Andrew “Marty” Martino, of Down With Webster fame, gives credit to his teachers at Cardinal Carter Academy for the Arts for motivating him to pursue a career in music.
Life at the North York performing arts grade school for four years was a chance for Martino to discover what music he was most interested in, everything from strings to bands.
Martino leaned toward instrumental music and classical, as that was the area the program was weighted toward.
Mary Evered and Michael Bellissimo were two of his instrumental teachers who supported Martino the most.
“More than anything, Carter kept me in music all the time,” says Martino.
The school structure kept him focused. Martino says his dad was a musician too. That also helped him along.
Outside of school, Martino met Tyler Armes (Down With Webster’s bass and keyboard player) at hockey.
Armes invited him to come play with the garage band he had formed a few months prior for an end of school year talent show.
Martino officially joined that band, Down With Webster, in the fall of 1998 in Grade 9. The band wasn’t meant to be the start of a lifelong career. For the guys, it was all about jamming in someone’s dad’s basement and having fun.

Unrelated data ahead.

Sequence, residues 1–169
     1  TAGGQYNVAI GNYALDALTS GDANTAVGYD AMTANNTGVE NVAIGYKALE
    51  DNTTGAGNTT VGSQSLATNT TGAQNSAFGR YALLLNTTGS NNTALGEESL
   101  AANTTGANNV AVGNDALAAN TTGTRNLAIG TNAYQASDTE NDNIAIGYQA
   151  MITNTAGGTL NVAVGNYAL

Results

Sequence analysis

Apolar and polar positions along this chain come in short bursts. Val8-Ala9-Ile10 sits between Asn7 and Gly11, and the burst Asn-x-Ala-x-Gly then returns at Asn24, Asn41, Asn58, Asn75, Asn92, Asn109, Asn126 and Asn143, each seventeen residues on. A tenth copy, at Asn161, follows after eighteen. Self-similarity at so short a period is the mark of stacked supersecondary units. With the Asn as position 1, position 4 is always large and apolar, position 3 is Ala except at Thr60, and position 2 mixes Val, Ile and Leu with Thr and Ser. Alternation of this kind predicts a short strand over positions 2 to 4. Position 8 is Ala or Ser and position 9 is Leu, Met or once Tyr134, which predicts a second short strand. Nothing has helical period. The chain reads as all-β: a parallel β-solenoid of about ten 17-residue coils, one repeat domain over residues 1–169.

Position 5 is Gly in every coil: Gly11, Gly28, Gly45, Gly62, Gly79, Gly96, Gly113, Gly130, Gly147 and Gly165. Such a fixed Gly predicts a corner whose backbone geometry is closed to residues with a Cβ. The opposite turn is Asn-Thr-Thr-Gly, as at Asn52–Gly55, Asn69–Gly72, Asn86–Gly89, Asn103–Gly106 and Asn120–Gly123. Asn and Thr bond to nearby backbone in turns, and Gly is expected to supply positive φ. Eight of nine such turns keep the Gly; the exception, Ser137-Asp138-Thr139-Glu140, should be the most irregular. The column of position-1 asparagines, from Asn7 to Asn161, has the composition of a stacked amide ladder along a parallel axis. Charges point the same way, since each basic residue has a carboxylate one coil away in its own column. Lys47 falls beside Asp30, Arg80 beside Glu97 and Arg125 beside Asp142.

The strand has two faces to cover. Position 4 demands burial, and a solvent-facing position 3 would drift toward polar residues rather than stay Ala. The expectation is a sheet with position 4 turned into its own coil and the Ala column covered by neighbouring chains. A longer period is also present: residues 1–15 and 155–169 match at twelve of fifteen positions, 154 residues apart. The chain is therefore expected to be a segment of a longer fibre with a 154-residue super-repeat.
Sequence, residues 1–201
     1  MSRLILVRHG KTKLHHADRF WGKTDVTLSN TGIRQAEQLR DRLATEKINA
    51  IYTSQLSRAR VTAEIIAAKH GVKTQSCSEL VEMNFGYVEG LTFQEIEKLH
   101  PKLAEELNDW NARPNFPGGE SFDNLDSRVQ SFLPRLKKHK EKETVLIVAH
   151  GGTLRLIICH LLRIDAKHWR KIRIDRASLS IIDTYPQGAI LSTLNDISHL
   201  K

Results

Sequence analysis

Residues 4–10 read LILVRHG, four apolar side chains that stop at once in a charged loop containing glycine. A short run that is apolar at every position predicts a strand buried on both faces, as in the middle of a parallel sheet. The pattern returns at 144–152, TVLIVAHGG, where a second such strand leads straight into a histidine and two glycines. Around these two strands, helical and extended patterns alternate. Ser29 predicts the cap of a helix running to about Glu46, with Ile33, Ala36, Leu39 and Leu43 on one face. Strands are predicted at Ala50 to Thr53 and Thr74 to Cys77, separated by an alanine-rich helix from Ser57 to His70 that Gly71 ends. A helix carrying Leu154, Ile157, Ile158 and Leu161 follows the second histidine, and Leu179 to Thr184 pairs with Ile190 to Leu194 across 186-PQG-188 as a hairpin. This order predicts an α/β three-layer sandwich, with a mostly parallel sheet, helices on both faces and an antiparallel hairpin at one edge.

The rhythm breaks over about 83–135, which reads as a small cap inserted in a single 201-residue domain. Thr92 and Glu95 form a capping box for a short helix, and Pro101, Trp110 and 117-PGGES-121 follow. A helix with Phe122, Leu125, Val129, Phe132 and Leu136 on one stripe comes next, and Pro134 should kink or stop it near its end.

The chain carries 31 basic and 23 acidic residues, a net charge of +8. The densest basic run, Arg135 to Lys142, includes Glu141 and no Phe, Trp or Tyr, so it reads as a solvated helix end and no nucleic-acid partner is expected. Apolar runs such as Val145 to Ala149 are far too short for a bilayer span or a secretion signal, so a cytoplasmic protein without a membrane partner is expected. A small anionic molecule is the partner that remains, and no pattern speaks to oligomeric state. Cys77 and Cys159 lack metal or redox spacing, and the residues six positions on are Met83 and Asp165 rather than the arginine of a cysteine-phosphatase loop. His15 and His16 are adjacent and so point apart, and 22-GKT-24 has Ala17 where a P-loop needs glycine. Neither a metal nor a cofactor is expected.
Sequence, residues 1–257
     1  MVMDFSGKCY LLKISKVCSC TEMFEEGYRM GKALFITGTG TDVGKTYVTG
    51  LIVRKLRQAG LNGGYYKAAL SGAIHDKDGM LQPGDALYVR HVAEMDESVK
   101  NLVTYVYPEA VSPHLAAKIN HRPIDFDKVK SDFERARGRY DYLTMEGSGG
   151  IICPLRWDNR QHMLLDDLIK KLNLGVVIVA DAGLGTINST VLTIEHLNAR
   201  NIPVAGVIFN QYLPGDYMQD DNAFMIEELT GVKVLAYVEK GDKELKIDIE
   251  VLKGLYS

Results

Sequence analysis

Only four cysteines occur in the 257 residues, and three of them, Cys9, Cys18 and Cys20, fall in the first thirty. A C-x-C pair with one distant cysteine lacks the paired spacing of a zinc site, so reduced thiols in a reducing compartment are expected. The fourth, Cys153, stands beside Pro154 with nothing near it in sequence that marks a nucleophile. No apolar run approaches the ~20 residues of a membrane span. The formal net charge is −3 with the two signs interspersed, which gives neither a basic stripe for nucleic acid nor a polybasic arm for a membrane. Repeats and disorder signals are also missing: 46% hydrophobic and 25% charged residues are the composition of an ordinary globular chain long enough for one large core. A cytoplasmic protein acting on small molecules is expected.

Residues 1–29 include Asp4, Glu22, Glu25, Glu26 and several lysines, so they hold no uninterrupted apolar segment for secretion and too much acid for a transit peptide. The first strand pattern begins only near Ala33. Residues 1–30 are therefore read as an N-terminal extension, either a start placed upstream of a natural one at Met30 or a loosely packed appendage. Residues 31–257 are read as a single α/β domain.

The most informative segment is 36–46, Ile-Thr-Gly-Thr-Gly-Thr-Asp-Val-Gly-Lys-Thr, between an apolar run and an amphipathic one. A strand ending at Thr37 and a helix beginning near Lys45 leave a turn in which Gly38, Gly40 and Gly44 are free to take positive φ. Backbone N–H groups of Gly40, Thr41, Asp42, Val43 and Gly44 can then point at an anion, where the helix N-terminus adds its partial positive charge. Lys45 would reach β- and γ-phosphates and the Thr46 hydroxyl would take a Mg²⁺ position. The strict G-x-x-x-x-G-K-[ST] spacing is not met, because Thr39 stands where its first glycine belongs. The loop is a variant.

The transition from Carter to garage jams to North by Northeast (NXNE) and Canadian Music Week (CMW) gigs happened naturally for Martino.
“I think music was something I was always going to do,” he says.
After Carter, Martino attended the University of Toronto for a few years. Things were new and interesting at first. He enrolled in accounting and economics classes. Martino admits he was not bad at either, but he felt his peers were ahead of him in class because they had taken those subjects in Grade 11, and he had not.
At the same time Down With Webster was already drawing a considerable fan base at shows. Combined with rehearsal schedules and U of T studies, Martino found life hectic.
Down With Webster had found its success. Fans showed up at concerts by the thousands. Multi-platinum album sales followed, along with six Juno nominations and multiple Much Music Video Award wins.
The band had a vibrant sound and began recording again.
“When you’re 13 years old, 14, 15, 16 and starting to write songs and get to writing songs when you’re my age, things change,” says Martino.
Martino and his bandmates were recently inspired to move in a different creative direction encompassing everything from the songwriting process to the sonic esthetic of the music, to the artwork and visuals.
And so, recently on Facebook, Down With Webster announced a hiatus from shows and a new band: Honors.
“I’m really excited about Honors,” says Martino.
The new band is getting ready to release its first EP and hit the road with shows. Honors is making sure everything happens at the right pace. Working on the creative process, releasing songs and being online are a big part of it.
Spare time is rare for Martino. He finds himself happy his music job and hobbies are more or less the same. A smaller part of his life is producing and working with other artists.
“I enjoy the flexibility he says, “You can create things that are fresh and new.”